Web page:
UBC Theses and Dissertations
Failure characterization of the interface between concrete substrates and fiber reinforced concrete repairs Kabiri Far, Bardia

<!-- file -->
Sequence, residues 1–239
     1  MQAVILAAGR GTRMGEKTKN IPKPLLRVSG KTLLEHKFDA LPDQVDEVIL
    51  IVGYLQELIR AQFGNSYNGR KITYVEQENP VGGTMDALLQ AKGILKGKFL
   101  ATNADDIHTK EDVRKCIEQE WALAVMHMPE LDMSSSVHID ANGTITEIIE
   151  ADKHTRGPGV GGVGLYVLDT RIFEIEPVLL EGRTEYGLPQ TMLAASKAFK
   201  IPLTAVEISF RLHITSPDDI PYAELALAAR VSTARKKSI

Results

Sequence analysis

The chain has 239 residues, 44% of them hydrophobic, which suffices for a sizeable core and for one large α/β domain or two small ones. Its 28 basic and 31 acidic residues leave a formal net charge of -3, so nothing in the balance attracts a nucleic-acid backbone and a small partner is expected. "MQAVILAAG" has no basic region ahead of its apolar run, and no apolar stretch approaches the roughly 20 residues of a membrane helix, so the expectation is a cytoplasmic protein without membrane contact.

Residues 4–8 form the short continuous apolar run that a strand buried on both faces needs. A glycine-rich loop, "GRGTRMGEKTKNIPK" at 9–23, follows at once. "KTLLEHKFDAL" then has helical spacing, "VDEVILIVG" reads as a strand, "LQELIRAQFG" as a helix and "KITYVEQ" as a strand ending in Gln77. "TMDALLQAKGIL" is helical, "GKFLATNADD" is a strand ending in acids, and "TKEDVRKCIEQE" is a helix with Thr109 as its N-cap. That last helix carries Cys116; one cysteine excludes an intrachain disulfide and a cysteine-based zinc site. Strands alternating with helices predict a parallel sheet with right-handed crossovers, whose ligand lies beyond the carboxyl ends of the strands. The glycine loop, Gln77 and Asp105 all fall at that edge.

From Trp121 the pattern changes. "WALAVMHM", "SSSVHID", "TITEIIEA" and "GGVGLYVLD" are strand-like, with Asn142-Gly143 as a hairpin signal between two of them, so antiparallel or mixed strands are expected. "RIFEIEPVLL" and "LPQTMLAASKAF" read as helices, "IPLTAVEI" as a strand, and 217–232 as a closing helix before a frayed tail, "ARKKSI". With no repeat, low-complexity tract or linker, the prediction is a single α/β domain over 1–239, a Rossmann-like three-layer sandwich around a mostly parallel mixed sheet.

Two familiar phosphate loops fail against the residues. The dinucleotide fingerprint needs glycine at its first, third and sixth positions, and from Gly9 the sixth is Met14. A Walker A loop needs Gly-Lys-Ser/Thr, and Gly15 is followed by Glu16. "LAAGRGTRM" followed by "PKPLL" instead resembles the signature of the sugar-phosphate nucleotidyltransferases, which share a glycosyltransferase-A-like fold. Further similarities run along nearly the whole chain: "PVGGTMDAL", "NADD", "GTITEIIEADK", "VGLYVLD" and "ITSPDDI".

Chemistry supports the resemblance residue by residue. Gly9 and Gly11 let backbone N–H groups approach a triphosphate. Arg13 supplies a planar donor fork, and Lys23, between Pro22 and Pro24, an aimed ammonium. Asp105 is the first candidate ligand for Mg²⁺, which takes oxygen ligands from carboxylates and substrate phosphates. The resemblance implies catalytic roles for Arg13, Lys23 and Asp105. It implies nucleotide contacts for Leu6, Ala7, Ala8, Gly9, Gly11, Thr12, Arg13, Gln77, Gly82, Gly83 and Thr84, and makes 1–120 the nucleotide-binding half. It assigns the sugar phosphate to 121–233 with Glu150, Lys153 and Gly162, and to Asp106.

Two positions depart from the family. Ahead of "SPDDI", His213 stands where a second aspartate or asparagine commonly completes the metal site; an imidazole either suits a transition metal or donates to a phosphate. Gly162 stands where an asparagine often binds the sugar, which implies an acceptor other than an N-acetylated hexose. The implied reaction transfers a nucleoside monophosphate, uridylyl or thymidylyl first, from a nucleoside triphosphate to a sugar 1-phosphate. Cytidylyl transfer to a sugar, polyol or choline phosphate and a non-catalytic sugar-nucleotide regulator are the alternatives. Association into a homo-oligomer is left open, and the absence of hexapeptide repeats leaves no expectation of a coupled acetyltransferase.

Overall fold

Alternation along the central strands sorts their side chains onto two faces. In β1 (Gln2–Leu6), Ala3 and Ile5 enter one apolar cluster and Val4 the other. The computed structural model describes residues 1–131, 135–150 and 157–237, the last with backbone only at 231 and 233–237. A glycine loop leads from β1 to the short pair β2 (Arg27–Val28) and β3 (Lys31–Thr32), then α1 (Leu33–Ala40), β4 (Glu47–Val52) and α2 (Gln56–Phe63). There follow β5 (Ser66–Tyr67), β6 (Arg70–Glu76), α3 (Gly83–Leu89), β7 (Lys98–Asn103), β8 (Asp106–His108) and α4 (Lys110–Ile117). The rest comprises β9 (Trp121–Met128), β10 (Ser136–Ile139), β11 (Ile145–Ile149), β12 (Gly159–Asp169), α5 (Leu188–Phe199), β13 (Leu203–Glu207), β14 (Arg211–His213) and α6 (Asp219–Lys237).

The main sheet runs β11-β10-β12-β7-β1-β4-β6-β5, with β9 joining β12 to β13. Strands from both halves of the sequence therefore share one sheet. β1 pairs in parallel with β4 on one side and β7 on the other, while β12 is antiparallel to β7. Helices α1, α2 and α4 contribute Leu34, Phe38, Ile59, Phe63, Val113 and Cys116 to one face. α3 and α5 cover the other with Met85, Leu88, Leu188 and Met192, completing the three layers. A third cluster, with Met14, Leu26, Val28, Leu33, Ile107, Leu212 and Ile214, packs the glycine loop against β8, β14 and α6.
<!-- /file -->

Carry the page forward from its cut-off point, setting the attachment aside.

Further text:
Concrete structures are severely susceptible to degradation as a result of mechanical or environmental processes. In most cases, retrofit is the only available option because reconstruction of the deteriorated structure is neither a feasible nor financially practical option. The overall performance of a repaired structure is highly dependent on the properties of its interface, which is the weakest part of the system. Fiber reinforced concrete (FRC) is a recognized repair material, however, there are still some knowledge gaps including lack of comprehensive understanding of the synergistic effects of fiber addition and surface preparation on composite structure, long-term behavior and durability of interfaces, and lack of standard design equations for concrete-FRC interfaces. In this study, synergistic effects of different fibers at various volume ratios and surface preparation on failure mechanism, bond strength, and crack growth resistance of concrete-FRC interfaces is investigated under Mode-I loading regime. Based on experimental data, design equations are proposed for concrete-FRC interfaces under Mode-I. These models address tensile strength and crack growth resistance of concrete-FRC interfaces encompassing various variables including surface preparation, type of repair material, and ductility of substrate and repair layers. Furthermore, the micromechanical properties of concrete-FRC interfaces are studied and the impact of fiber addition and curing condition on microhardness, porosity, durability, and water absorption of composite structures is assessed using micro-indentation, scanning electron microscopy (SEM), and micro-computed x-ray tomography (CT-scanning) techniques. Results indicate that there is a strong relationship between surface treatment, fiber content, and composite mechanical behavior. Fiber addition and improved surface treatment enhance response of composite systems in Mode-I. Semi-empirical models exhibit saturating trend between mechanical response improvement and surface preparation/fiber content. Moreover, micromechanical results indicate effectiveness of fibers in mitigating pre-loading and shrinkage damages. In conclusion, FRC can be considered as a promising repair material for repair of deteriorated concrete structures. It can effectively mitigate pre-loading damages as well as mitigating failure under tensile stresses leading to improved mechanical performance and durability of repaired systems. Suggestive models can be employed for numerical simulations and can be used by practitioners for design purposes and to predict composite response of repaired structures.
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